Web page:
In 1917, General George S. Patton said, “I feel sure that tanks in some form will play a part in all future wars.” With that statement, the history of modern cavalry of the 20th and 21st century was ushered in. For me, tank warfare is an incredibly fascinating subject. I don’t pretend to know a single thing about their technicalities, but tank combats such as the Battle of Cambrai (1917) and Operation Goodwood (1944) do not fail to captivate me.
These monsters are so huge and so full of power that one cannot but be overwhelmed by their tremendous strength. The sheer magnitude of how the beast of the machine moves is behemoth-like. Standing next to these mighty giants, I was really able to understand the strength they wielded. You could hear them releasing noises that could be termed purring, but would be more accurately described as growling.
The treads are enormous and would crush you if you even thought about coming near it; and that is not even getting into their firing powers. Let me just say, standing next to a tank with its engine running, ready to move, is nothing like looking at a tank that is on display. There can be no comparison.
For almost any little boy out there, or little girl who enjoys little boy things like tanks and jeeps too, the moment a tank enters the scene, the affect is similar to that which Mr. Toad of Wind in the Willows experiences when he sees a red motor car. The eyes go round in circles, the heart starts pumping, and the phrase ‘It was big, it was red, it was be-autiful..." comes to mind. Only these tanks were far more massive and an ominous olive green.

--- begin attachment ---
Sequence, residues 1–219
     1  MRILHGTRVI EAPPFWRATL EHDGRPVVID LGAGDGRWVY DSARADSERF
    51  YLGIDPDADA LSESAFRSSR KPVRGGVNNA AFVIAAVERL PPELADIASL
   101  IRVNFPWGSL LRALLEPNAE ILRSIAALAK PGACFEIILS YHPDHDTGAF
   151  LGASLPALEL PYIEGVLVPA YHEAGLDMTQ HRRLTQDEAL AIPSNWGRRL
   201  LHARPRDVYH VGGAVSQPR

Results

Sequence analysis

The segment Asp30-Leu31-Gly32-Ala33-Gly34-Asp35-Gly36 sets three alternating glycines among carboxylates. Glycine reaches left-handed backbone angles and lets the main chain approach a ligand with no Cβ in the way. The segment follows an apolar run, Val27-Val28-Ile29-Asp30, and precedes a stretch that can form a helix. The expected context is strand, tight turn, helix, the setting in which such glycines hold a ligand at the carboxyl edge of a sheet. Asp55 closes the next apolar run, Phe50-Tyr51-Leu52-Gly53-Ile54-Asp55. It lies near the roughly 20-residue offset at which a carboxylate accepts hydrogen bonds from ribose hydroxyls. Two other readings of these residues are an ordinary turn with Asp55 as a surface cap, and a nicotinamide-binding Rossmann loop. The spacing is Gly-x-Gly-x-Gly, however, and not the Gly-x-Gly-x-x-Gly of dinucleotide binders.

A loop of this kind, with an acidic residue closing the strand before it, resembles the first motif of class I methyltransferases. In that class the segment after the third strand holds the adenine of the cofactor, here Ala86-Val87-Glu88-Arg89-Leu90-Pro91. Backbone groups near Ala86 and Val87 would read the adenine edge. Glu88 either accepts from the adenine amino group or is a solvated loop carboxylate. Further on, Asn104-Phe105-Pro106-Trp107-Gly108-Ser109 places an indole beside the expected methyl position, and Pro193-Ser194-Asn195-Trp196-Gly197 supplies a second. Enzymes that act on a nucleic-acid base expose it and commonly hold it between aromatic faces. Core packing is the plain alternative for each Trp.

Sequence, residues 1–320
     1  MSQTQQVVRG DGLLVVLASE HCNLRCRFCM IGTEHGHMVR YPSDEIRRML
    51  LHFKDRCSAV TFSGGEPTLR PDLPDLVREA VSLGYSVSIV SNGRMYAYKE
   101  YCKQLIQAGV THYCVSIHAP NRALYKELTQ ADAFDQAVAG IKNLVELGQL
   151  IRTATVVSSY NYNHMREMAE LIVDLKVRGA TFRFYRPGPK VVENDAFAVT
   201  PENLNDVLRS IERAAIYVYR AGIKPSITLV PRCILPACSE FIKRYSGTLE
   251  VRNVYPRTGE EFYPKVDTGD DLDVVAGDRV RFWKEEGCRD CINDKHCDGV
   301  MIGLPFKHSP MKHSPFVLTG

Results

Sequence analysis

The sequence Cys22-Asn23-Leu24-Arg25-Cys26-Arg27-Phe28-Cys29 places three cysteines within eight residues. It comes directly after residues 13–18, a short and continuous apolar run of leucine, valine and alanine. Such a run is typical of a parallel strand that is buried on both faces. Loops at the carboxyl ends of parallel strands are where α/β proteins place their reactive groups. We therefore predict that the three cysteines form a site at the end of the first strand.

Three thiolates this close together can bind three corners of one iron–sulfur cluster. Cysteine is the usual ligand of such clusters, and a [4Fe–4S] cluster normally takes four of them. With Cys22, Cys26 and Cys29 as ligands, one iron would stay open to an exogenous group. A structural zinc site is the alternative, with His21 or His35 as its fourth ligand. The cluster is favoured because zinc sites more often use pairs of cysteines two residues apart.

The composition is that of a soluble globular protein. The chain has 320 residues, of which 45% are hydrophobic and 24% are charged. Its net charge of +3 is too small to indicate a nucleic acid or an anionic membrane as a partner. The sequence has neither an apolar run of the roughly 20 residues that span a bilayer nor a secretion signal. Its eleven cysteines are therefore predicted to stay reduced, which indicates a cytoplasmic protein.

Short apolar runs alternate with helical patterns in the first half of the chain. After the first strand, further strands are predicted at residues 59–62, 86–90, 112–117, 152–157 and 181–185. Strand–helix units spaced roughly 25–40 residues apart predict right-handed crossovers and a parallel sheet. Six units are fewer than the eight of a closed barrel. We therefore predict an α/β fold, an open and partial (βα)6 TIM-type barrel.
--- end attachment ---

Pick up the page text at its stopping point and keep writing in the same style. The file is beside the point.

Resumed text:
I'm sure there were many little boys who felt the same on June 6, 1944, as tank after tank rolled into the town square following the liberation of St. Marie du Mont by the 101st Airborne that morning. After years of hard oppression under the Nazi regime, when at any moment, father, brother, mother or sister might be taken out and brutally murdered, rescue had finally come! Not just rescue, but liberation by the "angels" of the air, and the "behemoths" of the ground!
On June 6, 2014, 70 years later to the day, the tanks came rolling in again. With the grandchildren of those who had been liberated, with the veterans who had come to liberate, and with those who had come to honor, hundreds and thousands of people stood cheering, laughing, waving, and clapping. The behemoths were back!
They kept coming and coming and coming. I lost count there were so many. They would each in turn slowly roll up, pause for a few moments, and then move ahead, making room for the next. They were massive, they were loud, and like all the others, I couldn't take my eyes off them.
It was the closest thing I think I could ever get to being there on liberation day.